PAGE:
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Old 04-29-2012, 07:57 PM   #1
lifer OP
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Simplicity or safistication?

I am thinking about getting a silverwing but I am being haunted by thoughts of a burgman 650 executive. I like the simplicity of the silverwing and I like the burg but I think there is a lot more that can go wrong with the drive train on the burg . I do like many of its features though. I want a scoot that is as cumfortable as possible for my wife on the back. Give me your thoughts.
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Old 04-29-2012, 10:17 PM   #2
fullmetalscooter
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Quote:
Originally Posted by lifer View Post
I am thinking about getting a silverwing but I am being haunted by thoughts of a burgman 650 executive. I like the simplicity of the silverwing and I like the burg but I think there is a lot more that can go wrong with the drive train on the burg . I do like many of its features though. I want a scoot that is as cumfortable as possible for my wife on the back. Give me your thoughts.

Go with your heart guy. I feel in the end no one can make the choose for you . I really dought that ether one of these scooters is going to give any problems if taken care of
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Old 04-30-2012, 01:24 AM   #3
John Bentall
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Assuming your wife does not share an identical shape with that of another rider on this board, have you considered getting your wife involved in the comfort aspects of your proposed choice?
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Old 04-30-2012, 04:32 AM   #4
JerseyBiker
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Having owned both, my opinion is ...

For 2 up touring, the Burgman is a more comfortable scooter for both rider and passenger.

For around town solo riding the Swing is lighter and easier to maneuver .

Both will handle around town riding or 2 up touring well. It just depends on what you will do more of as to which might be better suited for your needs.

Both are good solid scoots and I would not choose based on what might go wrong on either.

If possible, test ride each alone and with your wife and then decide. Just the test riding will be fun!

Good luck and be sure to let us know which you go with.
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Old 04-30-2012, 06:46 AM   #5
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I bought a new 650 Burgman, and a 5 year extended warranty from Suzuki. I had a small concern in the back of my mind regarding repair costs, and the extended warranty helped put that to rest.

Is the SWing motor sprung, or in the chassis?

Best,

Len
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Old 04-30-2012, 07:25 AM   #6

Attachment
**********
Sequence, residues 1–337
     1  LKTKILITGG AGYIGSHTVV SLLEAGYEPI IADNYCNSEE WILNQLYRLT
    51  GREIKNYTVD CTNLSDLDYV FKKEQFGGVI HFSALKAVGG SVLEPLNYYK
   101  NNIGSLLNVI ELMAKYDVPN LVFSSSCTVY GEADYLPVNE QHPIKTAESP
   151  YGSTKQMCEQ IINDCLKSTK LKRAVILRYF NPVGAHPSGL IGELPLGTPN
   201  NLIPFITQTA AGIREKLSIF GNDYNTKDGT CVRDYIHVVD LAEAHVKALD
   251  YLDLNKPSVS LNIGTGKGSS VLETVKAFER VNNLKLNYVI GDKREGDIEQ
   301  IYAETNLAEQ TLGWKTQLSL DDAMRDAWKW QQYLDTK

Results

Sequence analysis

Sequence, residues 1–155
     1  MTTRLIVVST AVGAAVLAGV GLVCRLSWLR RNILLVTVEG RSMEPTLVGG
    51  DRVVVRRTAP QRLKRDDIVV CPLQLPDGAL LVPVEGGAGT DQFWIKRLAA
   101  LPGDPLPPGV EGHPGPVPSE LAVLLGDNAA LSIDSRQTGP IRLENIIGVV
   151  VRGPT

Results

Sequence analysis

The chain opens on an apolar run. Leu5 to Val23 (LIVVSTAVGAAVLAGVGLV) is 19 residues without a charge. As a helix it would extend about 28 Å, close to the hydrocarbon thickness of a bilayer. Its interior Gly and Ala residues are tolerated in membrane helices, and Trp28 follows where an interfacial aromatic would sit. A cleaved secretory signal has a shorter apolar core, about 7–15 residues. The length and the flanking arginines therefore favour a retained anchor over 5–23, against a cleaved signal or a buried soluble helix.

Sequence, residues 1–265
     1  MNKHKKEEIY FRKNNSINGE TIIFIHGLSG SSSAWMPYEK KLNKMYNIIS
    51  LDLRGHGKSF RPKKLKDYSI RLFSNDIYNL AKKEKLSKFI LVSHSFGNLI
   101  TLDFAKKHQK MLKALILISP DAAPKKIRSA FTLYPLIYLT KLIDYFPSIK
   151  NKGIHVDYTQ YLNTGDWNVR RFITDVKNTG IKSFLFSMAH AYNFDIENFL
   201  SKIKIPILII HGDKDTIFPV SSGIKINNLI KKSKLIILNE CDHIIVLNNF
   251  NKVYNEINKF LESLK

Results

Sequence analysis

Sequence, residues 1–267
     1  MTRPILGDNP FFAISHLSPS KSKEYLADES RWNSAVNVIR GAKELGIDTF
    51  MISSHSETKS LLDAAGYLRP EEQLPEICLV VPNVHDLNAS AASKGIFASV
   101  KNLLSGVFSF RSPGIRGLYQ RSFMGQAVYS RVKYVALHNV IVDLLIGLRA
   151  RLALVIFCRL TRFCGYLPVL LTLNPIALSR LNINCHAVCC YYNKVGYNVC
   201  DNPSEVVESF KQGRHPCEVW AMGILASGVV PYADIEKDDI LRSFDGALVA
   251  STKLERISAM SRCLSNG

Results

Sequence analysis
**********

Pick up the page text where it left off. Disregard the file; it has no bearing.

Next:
gumshoe4
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The SWing motor is chassis-mounted.

I have a SWing and it's been great, but I personally prefer the seating position and comfort of the Burgman 650.

That said, after doing some research over on the Burgman website, I'm a bit iffy on the complexity of the bike's transmission. Apparently, the tranny occasionally goes bad after 20-30K and it's a very expensive, time-consuming job which requires a fairly thorough disassembly of the machine to replace it, assuming Suzuki is willing to cover the costs. Apparently, according Brooktown Geezer, Suzuki is now providing a 5-year warranty on the machine to offset some concerns and that's a good thing.

The SWing is definitely more simple and not nearly as sophisticated. That's not a bad thing, in my humble opinion...

My advice is to carefully do your research before committing your money. I wish I could get the Burgman 650 with a standard CVT transmission, but such a thing does not exist.

Good luck with your decision...
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Old 04-30-2012, 08:42 AM   #7
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I had the opportunity to test ride both of these bikes before deciding which one to buy. The SW was a 2005 with just over 5000 miles on the clock - it ran beautifully - handled good and was in near perfect shape - but it has just a bit less power than the Burgman. It also had less leg room - just a tad more leg room than the Majesty. With a bad right knee just a 15 minute ride was enough to let me know it'd be just as painful as the Majesty in very little time. The Burgman has 'almost' enough room that I can straighten out my leg taking pressure off the knee. I also like the bells and whistles the Burgman has. More to go wrong as has been mentioned - but it seems that Suzuki built a pretty stout scooter with the 650 - as has Honda.